The Employment Outlook 2012 says that the OECD-wide joblessness rate is forecast to remain high at 7.7% in the fourth quarter of 2013, close to the 7.9% rate in May 2012. This leaves around 48 million people out of work across the OECD. In the Euro area, unemployment rose further in May to an all-time peak of 11.1%.
To get employment rates back to pre-crisis levels, about 14 million jobs need to be created in the OECD area. Young people and the low-skilled continue to bear the brunt of the jobs crisis.
Moreover, job creation during the weak recovery of the past two years has often been concentrated in temporary contracts because many firms are reluctant to hire workers on open-ended contracts in today’s uncertain economic environment, says the report.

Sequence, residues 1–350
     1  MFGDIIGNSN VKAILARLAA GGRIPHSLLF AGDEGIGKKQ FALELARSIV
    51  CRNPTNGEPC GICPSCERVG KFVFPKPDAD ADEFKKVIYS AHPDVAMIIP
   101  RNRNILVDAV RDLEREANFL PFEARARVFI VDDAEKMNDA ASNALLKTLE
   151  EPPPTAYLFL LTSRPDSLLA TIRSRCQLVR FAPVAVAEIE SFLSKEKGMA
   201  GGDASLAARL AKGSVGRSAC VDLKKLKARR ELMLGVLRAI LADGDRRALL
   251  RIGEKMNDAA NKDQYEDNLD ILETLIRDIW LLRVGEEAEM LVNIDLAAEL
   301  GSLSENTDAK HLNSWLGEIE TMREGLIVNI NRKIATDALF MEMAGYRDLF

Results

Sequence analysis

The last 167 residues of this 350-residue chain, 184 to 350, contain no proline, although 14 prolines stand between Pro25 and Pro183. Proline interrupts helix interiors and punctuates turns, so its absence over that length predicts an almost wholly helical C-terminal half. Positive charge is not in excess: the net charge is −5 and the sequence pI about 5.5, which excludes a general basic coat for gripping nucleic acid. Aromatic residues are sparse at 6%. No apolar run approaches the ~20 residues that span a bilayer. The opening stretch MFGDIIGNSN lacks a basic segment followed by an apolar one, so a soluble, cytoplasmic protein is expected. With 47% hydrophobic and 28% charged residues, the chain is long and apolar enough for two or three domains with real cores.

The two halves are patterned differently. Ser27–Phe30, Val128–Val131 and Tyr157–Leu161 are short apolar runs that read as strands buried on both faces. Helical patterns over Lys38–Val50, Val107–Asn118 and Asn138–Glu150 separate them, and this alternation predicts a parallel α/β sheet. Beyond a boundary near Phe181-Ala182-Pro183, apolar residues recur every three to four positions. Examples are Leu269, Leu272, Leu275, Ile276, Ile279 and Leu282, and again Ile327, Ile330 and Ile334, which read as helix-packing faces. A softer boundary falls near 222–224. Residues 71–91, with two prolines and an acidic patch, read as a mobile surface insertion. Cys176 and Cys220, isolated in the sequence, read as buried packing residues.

“The recent deterioriation in the economic outlook is very bad news for the labour market,” said OECD Secretary-General Angel Gurría, presenting the report in Paris. “It is imperative that governments use every possible means at their disposal to help jobseekers, especially young people, by removing barriers to job creation and investing in their education and skills. The young are at most risk of long-term damage to their careers and livelihoods. Targeting the most cost-effective policies is essential.”
The situation varies widely between countries. Unemployment has been rising in the European Union since the end of 2011, but has been stable at around 8.25% in the United States. In OECD countries, the unemployment rate was highest in Spain, at 24.6%, with double-digit rates also in Estonia, France, Greece, Hungary, Ireland, Italy, Portugal and the Slovak Republic…